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The Diary: Rembrandt; Radio 4's short stories; J G Ballard; Man Booker International Prize

Hot off the press

How many Rembrandts have been stolen in the last 100 years? Answer: 81 (that have been reported to the police or written about in newspapers). How many of them have been burned after being stolen? Answer: one. Find out facts such as this in Stealing Rembrandts: The Untold Stories of Notorious Art Heists, released next month. The book is co-written by Anthony Amore, a US Homeland Security expert. The burned Rembrandt is Saskia at Her Toilet, which was stolen from Chilham Castle, near Canterbury in 1936. At the time, it was the biggest art heist in 60 years. Time magazine reported two years later: "Down early in the morning, Sir Edmund Davis, financier and host of Chilham Castle, noticed the light still burning. In his gallery he found 'a shocking sight'. Spread out on cushions on the floor were five picture frames from which the robbers had neatly cut $500,000 worth of masterpieces: two Gainsborough portraits, a Reynolds, a Van Dyck, and Rembrandt's Saskia at Her Toilet." According to Amore, the fate of the Rembrandt has not been published until now. The thieves fled and then burned the canvas. They panicked and wanted to destroy any potential evidence. A tragic loss which earned the painting a place in history.

Short getaways

The BBC now says that it is not, as previously announced, cutting the short stories it broadcasts on Radio 4 from three a week to one a week. According to a spokesperson, the reduction is from three a week, to two a week. The initial announcement, earlier this month, was unclear because, the spokesman said, the BBC "wasn't able to go into the detail at the time of the schedule change announcements because the finer detail hadn't been ironed out". The most impassioned defence of the short story this week came from Joanna Lumley, who signed a petition against the cuts. "Radio seems to be made for the short story," she said, her comments printed here for the first time. "News, yes and information and discussion, of course: but the strength of the unseen face and the one-to-one voice reading fiction aloud is a perfect escape from the woes of the world. There should be as many stories read aloud on Radio 4 as there are fish in the sea. Don't cut them down or send them to a backwater; they belong in the heart of the listener's menu. Without this little time to dream and escape we become dull and predictable: without our own minds painting the landscapes and characters we diminish ourselves as people."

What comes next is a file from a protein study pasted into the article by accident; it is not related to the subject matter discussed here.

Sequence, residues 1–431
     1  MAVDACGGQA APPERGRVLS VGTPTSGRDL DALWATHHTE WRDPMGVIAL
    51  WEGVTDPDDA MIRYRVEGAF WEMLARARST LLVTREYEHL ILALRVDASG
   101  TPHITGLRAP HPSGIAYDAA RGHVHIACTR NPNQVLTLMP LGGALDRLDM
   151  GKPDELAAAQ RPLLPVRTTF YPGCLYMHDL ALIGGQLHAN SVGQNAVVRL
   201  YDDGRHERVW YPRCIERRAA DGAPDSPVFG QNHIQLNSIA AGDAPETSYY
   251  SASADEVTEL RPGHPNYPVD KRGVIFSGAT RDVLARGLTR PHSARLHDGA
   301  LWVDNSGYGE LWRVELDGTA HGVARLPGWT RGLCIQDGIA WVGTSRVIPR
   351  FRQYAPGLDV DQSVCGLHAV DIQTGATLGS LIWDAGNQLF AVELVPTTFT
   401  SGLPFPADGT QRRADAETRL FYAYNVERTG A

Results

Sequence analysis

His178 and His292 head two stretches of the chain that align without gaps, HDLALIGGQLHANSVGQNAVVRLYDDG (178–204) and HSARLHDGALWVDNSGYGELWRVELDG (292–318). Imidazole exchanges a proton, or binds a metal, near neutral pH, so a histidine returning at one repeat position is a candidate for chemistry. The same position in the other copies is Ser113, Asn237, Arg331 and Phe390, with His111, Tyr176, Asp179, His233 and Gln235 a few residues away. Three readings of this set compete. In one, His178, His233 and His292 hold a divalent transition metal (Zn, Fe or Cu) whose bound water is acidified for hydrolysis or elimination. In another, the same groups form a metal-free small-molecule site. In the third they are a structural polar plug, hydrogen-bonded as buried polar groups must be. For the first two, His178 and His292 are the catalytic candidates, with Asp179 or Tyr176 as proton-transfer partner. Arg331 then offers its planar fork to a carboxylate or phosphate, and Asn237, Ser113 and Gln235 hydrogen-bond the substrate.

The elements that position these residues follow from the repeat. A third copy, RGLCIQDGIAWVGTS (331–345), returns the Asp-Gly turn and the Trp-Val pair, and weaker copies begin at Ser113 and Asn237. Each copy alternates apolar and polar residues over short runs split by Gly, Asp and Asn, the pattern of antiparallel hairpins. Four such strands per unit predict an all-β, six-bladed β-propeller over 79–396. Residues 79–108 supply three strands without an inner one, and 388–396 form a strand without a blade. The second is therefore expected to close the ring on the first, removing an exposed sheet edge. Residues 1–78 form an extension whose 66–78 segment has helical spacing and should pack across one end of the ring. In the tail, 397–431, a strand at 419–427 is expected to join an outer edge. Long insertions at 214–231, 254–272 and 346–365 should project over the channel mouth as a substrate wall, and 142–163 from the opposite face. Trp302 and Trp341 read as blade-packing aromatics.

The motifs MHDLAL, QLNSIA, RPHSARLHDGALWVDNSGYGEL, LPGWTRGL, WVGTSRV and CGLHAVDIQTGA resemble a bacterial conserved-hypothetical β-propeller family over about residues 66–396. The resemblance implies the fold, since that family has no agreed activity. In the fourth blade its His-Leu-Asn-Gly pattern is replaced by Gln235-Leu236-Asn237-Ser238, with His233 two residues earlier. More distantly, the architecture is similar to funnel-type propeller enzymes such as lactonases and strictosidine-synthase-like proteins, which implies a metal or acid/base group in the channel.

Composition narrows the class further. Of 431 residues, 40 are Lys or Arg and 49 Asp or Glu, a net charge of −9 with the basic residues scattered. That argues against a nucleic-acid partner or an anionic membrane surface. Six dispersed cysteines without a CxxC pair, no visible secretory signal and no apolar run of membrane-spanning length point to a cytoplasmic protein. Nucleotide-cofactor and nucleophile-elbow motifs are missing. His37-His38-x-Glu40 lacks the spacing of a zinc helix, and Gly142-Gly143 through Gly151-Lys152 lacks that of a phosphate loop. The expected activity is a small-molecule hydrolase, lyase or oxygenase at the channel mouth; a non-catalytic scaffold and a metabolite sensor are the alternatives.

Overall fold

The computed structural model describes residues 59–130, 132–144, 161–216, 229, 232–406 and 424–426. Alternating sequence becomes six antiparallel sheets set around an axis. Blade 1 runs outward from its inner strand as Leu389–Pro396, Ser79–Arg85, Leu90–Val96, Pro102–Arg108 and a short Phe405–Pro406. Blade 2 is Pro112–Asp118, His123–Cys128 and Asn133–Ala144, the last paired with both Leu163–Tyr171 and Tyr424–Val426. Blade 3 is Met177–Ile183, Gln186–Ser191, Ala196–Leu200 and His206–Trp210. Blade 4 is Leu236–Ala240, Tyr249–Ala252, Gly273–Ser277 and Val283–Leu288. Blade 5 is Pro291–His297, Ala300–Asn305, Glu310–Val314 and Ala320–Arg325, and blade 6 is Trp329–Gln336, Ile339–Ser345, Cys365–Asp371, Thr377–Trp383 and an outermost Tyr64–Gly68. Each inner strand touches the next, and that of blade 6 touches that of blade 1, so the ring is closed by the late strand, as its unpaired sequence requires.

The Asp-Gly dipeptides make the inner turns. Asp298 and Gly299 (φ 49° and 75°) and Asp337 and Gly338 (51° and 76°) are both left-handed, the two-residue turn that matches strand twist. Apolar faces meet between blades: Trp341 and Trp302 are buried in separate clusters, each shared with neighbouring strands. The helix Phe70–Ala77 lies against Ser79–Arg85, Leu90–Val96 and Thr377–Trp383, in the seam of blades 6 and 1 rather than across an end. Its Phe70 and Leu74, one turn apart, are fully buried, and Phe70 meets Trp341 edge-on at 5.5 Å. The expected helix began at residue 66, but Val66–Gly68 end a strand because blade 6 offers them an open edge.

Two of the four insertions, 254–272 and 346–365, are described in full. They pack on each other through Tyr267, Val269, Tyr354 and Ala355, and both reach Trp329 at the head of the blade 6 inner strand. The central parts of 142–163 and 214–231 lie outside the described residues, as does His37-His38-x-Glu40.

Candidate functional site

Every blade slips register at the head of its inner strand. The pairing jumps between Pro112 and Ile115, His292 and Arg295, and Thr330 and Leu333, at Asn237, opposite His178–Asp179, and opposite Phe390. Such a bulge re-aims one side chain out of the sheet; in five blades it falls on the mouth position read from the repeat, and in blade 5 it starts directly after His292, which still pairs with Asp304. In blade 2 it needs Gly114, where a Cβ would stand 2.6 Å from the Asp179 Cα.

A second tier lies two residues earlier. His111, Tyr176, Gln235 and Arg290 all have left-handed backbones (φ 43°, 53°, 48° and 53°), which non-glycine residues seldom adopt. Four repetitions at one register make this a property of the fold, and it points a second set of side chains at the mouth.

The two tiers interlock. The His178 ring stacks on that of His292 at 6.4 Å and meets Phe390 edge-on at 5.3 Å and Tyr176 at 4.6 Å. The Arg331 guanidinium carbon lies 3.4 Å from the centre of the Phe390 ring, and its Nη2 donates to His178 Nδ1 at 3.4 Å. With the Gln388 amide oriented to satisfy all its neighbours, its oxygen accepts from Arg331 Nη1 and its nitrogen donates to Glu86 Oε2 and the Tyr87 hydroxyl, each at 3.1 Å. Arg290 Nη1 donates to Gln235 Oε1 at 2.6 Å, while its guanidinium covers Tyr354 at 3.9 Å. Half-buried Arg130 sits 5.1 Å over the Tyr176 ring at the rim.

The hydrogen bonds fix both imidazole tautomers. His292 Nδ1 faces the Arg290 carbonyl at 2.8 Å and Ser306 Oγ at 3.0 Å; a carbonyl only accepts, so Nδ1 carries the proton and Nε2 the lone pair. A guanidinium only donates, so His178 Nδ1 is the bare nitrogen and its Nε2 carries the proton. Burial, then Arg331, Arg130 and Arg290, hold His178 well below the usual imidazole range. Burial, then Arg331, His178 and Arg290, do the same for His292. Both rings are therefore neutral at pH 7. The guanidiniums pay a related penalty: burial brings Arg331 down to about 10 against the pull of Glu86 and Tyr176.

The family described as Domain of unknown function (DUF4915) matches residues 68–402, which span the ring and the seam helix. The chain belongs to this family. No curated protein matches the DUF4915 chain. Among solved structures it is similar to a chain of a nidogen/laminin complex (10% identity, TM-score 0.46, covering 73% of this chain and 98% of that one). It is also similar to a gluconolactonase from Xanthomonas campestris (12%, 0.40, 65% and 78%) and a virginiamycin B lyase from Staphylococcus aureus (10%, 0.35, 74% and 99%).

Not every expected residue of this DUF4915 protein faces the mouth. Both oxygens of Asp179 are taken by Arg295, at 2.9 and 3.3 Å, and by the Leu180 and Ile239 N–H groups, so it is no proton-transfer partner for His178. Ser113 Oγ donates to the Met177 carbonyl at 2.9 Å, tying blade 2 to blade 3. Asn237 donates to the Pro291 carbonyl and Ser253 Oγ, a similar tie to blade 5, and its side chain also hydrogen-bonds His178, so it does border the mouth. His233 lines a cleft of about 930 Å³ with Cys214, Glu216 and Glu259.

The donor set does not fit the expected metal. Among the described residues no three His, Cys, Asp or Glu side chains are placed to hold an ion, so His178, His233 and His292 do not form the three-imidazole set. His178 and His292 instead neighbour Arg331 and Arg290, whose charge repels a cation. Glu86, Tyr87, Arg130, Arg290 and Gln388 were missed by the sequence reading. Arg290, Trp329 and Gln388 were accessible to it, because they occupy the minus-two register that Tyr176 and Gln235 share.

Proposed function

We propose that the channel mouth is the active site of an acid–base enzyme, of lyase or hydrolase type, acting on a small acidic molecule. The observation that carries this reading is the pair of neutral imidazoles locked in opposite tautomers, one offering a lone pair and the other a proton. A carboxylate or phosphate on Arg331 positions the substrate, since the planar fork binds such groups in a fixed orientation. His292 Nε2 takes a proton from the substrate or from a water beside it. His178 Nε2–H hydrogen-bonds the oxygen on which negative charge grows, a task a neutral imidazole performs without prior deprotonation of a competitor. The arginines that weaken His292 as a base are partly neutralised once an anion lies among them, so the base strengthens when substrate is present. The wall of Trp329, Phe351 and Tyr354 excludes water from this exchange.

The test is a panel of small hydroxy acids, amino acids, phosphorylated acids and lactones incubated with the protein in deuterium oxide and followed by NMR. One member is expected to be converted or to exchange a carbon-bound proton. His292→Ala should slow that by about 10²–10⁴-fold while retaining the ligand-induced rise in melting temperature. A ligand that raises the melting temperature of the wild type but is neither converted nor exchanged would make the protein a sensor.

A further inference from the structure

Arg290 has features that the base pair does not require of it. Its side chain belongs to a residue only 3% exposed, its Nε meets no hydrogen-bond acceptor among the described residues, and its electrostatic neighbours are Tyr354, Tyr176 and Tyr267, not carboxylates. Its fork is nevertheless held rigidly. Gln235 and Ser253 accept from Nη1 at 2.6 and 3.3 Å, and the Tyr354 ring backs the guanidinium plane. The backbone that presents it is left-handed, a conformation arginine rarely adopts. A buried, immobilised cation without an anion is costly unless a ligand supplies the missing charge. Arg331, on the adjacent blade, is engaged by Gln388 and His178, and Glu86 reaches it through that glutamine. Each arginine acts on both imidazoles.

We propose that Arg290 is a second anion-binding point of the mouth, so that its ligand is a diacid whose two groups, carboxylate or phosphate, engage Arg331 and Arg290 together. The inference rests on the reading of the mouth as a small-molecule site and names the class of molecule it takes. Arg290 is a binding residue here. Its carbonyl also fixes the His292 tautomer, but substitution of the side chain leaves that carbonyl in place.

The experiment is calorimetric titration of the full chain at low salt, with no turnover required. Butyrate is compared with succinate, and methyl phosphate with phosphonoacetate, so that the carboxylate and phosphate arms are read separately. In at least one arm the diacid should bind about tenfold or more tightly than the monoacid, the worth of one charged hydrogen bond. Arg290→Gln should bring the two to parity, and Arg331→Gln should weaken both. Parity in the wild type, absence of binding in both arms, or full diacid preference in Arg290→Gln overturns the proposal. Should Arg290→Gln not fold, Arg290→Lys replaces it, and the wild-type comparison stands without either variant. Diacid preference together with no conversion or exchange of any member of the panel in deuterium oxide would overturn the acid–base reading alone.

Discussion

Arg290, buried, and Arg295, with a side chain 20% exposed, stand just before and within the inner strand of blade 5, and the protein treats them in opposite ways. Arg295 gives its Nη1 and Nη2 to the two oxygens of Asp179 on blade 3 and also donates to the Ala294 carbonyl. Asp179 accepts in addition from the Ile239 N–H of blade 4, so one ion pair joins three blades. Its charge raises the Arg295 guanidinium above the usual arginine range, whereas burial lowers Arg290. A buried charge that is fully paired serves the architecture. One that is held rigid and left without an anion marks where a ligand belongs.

Ballard's home is now where Haart is

Fans hoping to turn J G Ballard's Shepperton home – which recently went on the property market – into a museum may have to wait a little longer. According to a recent article in the Surrey Herald, the property, which was advertised as "in need of refurbishment" this month, has been let to a family, who are due to move in next week. A spokesman for Haart, the estate agent, told the Herald the property was "under offer". One neighbour issued a guarded warning to fans, however. "Neighbours might hope it will be done up," she said. "It would be interesting for fans to club together and buy it, although people may be worried about to-ing and fro-ing from the house."

A not so subtle knife

For a week at least, it was the biggest row in the literary world. In May, the publisher Carmen Callil "withdrew" from the judging panel of the Man Booker International Prize, unhappy that the award was to be given to the US author Philip Roth. She was reported as saying: "He goes on and on and on about the same subject in almost every single book. It's as though he's sitting on your face and you can't breathe." Bar a dislike of Roth's writing, why was Callil so vociferous? Clues emerged last week at a London literary meeting, held to raise funds for a campaign to prevent the closure of Kensal Rise Library after public funding cuts. Philip Pullman, a supporter of the campaign, was interviewed by his fellow novelist Maggie Gee. Gee introduced Pullman by saying that Callil had resigned because she wanted Pullman to win. Pullman nodded, and did not deny Gee's assertion. Maybe, unlike Roth, she "rated" and "admired" his work? The plot thickens.